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December 15, 2020 1:15 PM, EST

Trucks Carry First Doses of COVID-19 Vaccine to Hospitals Across the US

UPS truck leaves PfizerA UPS truck loaded with COVID-19 vaccine leaves the Pfizer Global Supply Kalamazoo manufacturing plant on Dec. 13. (Morry Gash/Pool/Associated Press)

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As the first doses of a COVID-19 vaccine begin to ship, trucking experts on the ground level of the distribution effort said the logistical elements are in place for a successful rollout of an estimated 50 million doses of the vaccine between now and the end of January.

“We have dedicated and hardworking people around the world who have been trained to store, handle, transport and deliver vaccines,” UPS Inc. CEO Carol Tomé said. “We’re pleased to support our health care partners with smart, efficient logistics for these vaccines that will protect communities and save lives.”

Operation Warp Speed is the federal joint effort between government and private industry to develop and distribute a COVID-19 vaccine. The initial distribution phase began at the Kalamazoo, Mich., Pfizer plant, where the vaccine — co-developed by pharmaceutical firms Pfizer and BioNTech SE — was moved by truck and air to UPS and FedEx distribution hubs and then on to 636 locations across the country. Atlanta-based UPS has set up a special 24/7 command center at its Worldport aviation hub in Louisville, Ky.

FedEx truck leaves Pfizer

A FedEx truck loaded with COVID-19 vaccine leaves the Pfizer Global Supply Kalamazoo manufacturing plant on Dec. 13. (Morry Gash/Pool/Associated Press)

“Vaccine distribution is a key part of moving our world forward by delivering what matters,” Tomé said.

Massachusetts-based Boyle Transportation specializes in transporting medical supplies, and is a subcontractor assisting UPS in the transportation effort. Some of the company’s trucks were at the Pfizer facility as the initial vaccine distribution began Dec. 13. Company co-president Andrew Boyle told Transport Topics his company is proud to play a role.

“There have been heroic efforts by the drug developers, the clinical trial participants and the regulators to get this far, but the execution will rely in large part on blue-collar transportation and logistics professionals,” he said. “These are people at the loading docks, the professional truck drivers, the airfreight handlers, the package sorters, the delivery drivers. All the people we work with and represent will play a vital role, and they’re patriots, and they’re proud to help.”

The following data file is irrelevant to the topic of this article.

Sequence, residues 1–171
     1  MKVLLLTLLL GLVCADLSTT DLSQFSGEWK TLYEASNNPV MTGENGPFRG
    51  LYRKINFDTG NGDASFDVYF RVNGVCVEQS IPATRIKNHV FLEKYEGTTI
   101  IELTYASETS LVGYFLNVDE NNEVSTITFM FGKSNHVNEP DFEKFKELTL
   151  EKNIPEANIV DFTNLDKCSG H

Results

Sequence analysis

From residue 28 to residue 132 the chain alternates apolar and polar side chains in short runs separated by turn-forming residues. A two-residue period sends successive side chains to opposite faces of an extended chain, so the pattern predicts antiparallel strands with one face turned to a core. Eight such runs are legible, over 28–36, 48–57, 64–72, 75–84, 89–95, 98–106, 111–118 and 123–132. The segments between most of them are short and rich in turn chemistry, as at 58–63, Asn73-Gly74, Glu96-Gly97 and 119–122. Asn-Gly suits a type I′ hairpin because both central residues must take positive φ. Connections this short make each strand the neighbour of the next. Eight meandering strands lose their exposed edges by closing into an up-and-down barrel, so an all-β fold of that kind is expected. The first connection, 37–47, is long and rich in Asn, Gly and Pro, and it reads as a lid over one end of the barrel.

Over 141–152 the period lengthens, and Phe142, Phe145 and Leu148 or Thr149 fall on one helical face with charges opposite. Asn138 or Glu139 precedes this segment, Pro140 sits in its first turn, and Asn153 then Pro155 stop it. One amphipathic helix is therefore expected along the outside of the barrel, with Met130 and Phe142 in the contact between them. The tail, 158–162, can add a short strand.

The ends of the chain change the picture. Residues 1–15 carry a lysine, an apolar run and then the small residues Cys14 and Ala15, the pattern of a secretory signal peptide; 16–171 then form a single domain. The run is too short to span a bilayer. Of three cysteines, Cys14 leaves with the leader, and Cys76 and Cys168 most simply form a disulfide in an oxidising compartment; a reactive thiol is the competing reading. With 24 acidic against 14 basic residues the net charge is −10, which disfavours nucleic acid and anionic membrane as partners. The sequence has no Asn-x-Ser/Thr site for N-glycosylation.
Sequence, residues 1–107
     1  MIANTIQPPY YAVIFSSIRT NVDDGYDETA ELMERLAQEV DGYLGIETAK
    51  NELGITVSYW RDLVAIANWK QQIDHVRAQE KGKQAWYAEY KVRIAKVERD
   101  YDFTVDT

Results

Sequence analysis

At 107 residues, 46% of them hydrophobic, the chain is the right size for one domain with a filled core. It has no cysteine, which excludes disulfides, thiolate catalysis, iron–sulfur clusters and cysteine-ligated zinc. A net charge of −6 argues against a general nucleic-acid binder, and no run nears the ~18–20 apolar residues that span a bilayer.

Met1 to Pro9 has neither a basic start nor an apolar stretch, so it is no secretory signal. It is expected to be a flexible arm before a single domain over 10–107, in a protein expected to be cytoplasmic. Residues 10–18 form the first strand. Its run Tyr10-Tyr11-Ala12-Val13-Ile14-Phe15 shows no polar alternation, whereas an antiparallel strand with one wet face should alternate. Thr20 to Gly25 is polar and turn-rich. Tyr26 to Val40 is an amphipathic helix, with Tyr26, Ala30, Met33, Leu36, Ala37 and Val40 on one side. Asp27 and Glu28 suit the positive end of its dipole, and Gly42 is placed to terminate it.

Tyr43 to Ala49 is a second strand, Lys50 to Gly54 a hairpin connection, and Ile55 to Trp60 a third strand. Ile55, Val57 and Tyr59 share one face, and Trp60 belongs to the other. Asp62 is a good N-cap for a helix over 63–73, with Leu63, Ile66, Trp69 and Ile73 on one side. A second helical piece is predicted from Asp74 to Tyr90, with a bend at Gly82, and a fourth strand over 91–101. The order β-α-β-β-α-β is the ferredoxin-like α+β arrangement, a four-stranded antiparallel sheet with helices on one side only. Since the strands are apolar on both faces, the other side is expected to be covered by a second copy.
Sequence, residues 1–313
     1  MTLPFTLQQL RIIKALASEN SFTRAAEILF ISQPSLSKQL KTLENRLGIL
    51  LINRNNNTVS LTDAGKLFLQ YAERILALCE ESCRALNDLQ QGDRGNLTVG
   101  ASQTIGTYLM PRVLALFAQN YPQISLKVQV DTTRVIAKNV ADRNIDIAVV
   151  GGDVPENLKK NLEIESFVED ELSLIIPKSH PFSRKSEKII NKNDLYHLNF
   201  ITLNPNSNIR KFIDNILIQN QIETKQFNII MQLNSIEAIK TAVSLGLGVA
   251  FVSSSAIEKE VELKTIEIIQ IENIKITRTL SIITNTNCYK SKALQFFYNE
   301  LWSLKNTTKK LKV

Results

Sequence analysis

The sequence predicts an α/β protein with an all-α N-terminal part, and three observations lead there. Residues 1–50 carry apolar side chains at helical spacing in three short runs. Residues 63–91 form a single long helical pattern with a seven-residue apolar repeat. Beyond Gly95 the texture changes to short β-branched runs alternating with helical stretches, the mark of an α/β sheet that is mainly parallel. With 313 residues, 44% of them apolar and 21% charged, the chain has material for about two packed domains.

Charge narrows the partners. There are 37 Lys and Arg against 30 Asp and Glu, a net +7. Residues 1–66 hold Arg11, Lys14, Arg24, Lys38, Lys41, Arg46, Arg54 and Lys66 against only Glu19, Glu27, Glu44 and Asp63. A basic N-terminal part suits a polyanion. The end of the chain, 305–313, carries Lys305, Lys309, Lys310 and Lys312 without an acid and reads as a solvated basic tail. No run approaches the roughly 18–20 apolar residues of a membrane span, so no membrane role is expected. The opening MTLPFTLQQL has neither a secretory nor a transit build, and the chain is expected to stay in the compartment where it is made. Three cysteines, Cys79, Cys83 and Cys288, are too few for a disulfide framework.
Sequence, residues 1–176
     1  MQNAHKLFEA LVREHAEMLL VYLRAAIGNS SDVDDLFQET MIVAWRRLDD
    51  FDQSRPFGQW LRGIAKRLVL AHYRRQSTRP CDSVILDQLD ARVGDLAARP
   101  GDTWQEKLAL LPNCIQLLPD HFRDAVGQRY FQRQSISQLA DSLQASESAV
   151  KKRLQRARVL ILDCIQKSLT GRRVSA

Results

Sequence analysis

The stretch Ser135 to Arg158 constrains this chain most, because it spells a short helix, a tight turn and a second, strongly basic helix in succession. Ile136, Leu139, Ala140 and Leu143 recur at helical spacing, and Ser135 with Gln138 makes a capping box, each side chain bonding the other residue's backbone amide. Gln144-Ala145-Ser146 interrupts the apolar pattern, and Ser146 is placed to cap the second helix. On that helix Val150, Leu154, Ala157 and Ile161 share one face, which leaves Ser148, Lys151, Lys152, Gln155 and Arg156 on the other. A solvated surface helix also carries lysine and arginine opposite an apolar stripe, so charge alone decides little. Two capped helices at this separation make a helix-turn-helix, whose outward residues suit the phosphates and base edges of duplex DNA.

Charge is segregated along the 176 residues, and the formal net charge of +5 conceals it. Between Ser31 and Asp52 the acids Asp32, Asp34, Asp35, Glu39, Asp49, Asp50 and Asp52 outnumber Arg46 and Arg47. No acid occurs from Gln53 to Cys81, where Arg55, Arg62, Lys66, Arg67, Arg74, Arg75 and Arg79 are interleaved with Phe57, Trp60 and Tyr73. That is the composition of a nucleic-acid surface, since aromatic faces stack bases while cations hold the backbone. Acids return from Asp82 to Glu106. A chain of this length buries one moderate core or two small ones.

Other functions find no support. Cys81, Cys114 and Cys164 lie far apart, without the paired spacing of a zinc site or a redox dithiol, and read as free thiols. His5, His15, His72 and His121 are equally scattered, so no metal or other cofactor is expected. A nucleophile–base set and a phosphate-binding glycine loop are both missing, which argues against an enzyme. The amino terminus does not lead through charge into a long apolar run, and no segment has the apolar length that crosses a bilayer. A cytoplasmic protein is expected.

Leadership of Memphis, Tenn.-based FedEx Corp. said the company has never done anything more critical than this.

“This is among the most important work in the history of our company, and we’re honored to be a part of the effort to help end this pandemic,” FedEx CEO Raj Subramaniam said. “I am immensely proud of our dedicated team members who continue to go above and beyond to help ensure the safe movement of these critical COVID-19 vaccines. This is who we are and what we do at FedEx.”

FedEx in this initial phase is handling Western states and UPS is focused on Eastern states.

UPS ranks No. 1 and FedEx No. 2 on the Transport Topics list of the Top 100 largest for-hire carriers in North America.

On Dec. 15 the Food and Drug Administration posted a report that indicated a vaccine from pharmaceutical firm Moderna is 94% effective. According to Bloomberg, an FDA advisory board has scheduled a Dec. 17 meeting to vote on whether to recommend authorization of the vaccine to the agency. The FDA on Dec. 11 authorized the Pfizer and BioNTech SE vaccine after an advisory panel voted to support its authorization.

“The next step is the Moderna vaccine, and we know we will ship just a little bit short of 6 million doses to the American people,” said Gen. Gustave Perna, chief operations officer of Operation Warp Speed, during a Dec. 14 news briefing. “We’re shipping it to 3,285 locations across the country. It will be a very similar cadence to what we executed this week with Pfizer.”

Boyle said his company plans to stay involved with multiple manufacturers.

Walmart also is playing a role in the distribution effort; the Bentonville, Ark.-based retailer is training employees at its more than 5,000 Walmart and Sam’s Club pharmacies on how to safely handle and administer the vaccine.

“With 90% of the American population living within 10 miles of a Walmart, we will play an important part in making sure those who want a vaccine can get one when they are eligible based on their state’s prioritization, especially those in hard-to-reach parts of the country that have recently been hit hard by the epidemic,” Walmart Chief Medical Officer Dr. Tom Van Gilder said.

Walmart ranks No. 3 on the Transport Topics Top 100 list of the largest private carriers in North America.

“I expect that this rollout will work reasonably well,” University of Minnesota-Morris economist and trucking expert Stephen Burks told TT. “I absolutely believe there will be glitches, but it’s looking pretty promising. This has been in the planning stages for a long time, and the distribution strategy is sensible.”

Burks himself is recovering from a severe case of COVID-19, and said he is anxious to see the trucking and logistics industry move the vaccine safely. “I am cautiously optimistic. So far, so good,” Burks said.

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